A lot of professional services firms tend to have a comparative advantage in knowledge of particular techniques, that can be applied across a fairly wide range of industries. For example, tax planning, financial modelling, business strategy, legal drafting, technical writing, project management, and so on. 

The best consultants I know are very clear with their clients in what they know, and where the limits of their knowledge lie. This helps both client and consultant work best together to identify potential blind spots that one or both parties may have, to focus attention there, and have the best chance at coming to the right decision. 

The key thing that creates value in team building is complementarity of skill sets. The problem for pure generalists is that when they're working within a single domain, a lot of their knowledge is either not related to the domain, or duplicated by others in a team. A pure specialist, at least can add a lot of value if deployed correctly. 

 So, to answer the question I pose in my title: how much do you need to know about a field to give advice about it?

The HBR article's answer is something like: Not much. You're a generalist manager, don't waste your time duplicating knowledge that exists elsewhere because you don't want to look ignorant and ask a question. Rely on your specialist minions to deliver and get out of their way!

I think that's pretty solid advice, but I might add that you need to learn as much as you need to know how to leverage your specialist knowledge  in the field. If you are truly the "leader without expertise" that the HBR article mentions in its opening paragraphs, then you'd better develop some expertise soon, or you're probably not long for leadership!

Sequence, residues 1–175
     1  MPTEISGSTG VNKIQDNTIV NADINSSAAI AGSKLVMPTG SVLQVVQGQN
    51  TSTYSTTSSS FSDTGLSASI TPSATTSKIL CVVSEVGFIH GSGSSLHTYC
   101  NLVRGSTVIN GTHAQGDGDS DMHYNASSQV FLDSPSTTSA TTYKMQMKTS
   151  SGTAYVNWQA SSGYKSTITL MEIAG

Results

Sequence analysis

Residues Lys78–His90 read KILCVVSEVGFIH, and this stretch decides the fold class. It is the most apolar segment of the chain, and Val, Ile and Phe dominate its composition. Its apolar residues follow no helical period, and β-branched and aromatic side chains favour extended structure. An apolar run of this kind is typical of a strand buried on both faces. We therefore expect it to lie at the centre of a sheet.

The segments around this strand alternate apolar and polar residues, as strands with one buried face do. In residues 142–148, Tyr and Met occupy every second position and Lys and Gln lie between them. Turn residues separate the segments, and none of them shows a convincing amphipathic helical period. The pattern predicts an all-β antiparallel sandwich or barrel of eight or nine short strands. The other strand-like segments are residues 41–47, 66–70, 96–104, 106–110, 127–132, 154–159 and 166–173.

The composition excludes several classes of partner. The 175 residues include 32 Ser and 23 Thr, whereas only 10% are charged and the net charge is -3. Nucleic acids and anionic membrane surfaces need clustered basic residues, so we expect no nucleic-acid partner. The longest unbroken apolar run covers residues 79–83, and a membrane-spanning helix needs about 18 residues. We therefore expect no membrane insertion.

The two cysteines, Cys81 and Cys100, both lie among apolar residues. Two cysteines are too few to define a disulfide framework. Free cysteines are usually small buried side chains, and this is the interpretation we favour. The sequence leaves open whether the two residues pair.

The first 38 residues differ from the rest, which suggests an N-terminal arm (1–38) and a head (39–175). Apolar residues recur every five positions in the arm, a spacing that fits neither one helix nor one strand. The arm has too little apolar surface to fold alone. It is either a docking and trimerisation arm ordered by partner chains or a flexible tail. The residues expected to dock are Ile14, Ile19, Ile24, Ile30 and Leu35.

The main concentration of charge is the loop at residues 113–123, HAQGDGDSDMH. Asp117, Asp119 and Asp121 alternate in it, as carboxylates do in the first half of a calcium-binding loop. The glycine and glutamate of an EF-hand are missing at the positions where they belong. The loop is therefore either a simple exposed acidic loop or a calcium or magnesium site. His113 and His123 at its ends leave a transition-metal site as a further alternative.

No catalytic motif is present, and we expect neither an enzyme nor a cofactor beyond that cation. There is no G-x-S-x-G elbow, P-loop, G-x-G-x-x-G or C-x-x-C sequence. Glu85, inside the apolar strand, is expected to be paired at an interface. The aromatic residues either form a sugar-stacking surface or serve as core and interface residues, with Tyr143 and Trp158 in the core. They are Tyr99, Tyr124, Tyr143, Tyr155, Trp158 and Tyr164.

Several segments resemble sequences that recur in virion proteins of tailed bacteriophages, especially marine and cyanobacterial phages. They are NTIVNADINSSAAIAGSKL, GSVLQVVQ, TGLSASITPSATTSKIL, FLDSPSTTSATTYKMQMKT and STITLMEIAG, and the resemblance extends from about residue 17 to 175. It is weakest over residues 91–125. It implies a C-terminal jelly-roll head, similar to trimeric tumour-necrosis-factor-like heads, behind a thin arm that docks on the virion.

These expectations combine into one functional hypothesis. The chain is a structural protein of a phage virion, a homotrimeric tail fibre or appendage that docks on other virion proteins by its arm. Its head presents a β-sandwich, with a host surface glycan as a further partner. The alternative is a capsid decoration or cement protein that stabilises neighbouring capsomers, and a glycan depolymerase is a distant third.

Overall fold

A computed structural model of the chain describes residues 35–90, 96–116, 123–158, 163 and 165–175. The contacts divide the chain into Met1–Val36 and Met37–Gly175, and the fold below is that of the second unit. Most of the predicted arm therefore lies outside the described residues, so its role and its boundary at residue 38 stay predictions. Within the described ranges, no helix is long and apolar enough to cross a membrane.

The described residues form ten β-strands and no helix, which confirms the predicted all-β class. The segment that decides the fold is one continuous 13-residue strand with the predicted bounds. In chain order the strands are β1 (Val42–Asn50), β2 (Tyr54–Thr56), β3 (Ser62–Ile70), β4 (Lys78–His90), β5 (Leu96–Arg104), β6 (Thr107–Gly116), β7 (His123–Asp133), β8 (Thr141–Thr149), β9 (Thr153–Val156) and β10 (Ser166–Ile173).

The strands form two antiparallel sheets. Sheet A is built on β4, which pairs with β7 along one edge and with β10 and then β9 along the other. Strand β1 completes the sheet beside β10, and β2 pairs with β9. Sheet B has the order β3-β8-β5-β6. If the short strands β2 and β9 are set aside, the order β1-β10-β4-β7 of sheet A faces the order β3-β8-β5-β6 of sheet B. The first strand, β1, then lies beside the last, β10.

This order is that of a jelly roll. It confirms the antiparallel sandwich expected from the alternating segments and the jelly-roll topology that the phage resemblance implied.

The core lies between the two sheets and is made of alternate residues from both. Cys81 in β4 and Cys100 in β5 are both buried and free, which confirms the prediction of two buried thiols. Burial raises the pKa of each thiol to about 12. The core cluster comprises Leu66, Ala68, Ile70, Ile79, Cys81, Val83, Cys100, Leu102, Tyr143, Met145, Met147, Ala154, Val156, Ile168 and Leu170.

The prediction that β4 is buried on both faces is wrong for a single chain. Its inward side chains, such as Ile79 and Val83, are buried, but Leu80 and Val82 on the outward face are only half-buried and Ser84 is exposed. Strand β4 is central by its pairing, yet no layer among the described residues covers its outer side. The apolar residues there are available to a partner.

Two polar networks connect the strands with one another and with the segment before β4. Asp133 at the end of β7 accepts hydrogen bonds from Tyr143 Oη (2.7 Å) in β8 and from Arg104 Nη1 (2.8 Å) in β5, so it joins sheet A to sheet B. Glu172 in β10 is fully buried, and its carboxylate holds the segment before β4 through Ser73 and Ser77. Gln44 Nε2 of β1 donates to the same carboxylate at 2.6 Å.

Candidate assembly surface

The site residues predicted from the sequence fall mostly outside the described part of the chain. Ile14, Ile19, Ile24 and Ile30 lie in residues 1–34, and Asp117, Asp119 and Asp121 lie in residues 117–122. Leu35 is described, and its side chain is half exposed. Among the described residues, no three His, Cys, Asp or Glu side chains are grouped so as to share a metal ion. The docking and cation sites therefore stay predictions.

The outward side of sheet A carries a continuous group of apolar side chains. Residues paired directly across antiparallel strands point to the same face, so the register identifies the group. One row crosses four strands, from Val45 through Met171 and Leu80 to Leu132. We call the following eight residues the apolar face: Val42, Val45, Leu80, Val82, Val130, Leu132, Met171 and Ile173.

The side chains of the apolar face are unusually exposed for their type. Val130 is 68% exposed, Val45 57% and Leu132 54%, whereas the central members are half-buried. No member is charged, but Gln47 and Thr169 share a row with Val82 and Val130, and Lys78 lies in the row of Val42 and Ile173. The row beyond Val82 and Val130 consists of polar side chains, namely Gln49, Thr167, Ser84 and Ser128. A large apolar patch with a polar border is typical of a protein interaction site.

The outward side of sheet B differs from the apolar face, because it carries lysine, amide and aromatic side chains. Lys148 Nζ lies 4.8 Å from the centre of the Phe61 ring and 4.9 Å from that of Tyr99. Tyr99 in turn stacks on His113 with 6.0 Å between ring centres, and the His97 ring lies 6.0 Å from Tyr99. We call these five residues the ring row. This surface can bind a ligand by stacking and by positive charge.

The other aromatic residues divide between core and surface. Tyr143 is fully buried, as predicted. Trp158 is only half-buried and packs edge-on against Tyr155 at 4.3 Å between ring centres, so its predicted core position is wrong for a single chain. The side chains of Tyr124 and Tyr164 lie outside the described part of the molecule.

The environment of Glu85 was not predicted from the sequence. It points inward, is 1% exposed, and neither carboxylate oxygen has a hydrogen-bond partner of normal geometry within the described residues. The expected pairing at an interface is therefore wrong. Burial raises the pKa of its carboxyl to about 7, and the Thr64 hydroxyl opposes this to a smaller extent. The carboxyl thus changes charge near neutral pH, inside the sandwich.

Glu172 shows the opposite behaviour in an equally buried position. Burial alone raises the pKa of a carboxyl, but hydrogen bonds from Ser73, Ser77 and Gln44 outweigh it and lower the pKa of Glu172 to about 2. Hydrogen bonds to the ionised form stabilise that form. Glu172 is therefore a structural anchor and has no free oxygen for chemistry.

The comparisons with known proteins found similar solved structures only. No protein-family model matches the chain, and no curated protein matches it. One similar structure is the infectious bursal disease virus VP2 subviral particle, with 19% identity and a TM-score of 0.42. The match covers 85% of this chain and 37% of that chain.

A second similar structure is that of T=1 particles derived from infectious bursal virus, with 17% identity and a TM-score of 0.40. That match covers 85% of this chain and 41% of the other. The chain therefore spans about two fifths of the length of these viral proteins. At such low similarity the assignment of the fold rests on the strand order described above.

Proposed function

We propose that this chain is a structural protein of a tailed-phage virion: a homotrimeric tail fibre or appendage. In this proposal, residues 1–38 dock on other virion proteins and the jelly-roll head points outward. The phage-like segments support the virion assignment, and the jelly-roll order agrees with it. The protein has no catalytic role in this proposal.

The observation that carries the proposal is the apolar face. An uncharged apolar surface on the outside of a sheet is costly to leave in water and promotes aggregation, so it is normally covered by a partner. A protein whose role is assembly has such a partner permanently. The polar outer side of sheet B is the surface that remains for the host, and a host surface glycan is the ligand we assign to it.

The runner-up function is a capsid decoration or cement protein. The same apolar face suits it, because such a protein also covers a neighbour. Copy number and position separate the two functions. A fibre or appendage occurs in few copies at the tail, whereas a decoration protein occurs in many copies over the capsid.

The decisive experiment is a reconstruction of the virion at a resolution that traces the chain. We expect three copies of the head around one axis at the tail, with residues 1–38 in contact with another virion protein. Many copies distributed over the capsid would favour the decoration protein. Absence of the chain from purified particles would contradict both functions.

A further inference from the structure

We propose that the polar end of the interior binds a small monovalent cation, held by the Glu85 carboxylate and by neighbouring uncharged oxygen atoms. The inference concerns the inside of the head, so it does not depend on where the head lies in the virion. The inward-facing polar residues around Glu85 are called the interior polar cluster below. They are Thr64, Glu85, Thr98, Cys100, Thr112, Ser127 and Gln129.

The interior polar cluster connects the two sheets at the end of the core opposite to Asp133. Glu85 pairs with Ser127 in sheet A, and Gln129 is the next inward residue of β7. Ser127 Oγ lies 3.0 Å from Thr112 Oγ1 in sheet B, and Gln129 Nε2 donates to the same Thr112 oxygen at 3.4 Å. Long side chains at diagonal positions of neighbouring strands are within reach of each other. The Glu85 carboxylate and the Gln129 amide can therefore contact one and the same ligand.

So, in conclusion: know thyself! Are you a specialist that needs to generalise, or a generalist that needs to specialise? The right answer will depend on you, your personality, your abilities, and the career and life you envision for yourself. Finding the right balance for you will give you the best chance at developing a satisfying career working with, and managing others.


If you're making a real financial model, don't make this simple mistake...

This is the first  of what will probably be a series of pretty technical posts dealing with some of the nuts and bolts of infrastructure finance and economics. I don't want to do too many of these, but there are a few things that I figured out that took me a lot of blood, sweat and tears that I'd like to save some others if I can. If you're not in the business of making or using financial models on a regular basis, please feel free to skip this one!

When you build a financial model, there are two ways you can manage your numbers: real, and nominal. In real models, you pick a base year, and do all your calculations using constant real dollars, rupiah or whatever currency you’re working in. In nominal models, you need to adjust all of your numbers by the relevant inflation figure.

Whether you use real or nominal is largely a matter of personal taste. They are (or, at least, should be) mathematically equivalent. It’s more a matter of presentation. I have always been a bit of a nominal model man. The first professional model I ever took over from someone was a nominal model, and I guess that shaped how I think about these things, but, at least theoretically, I don’t mind much which flavour you want to use.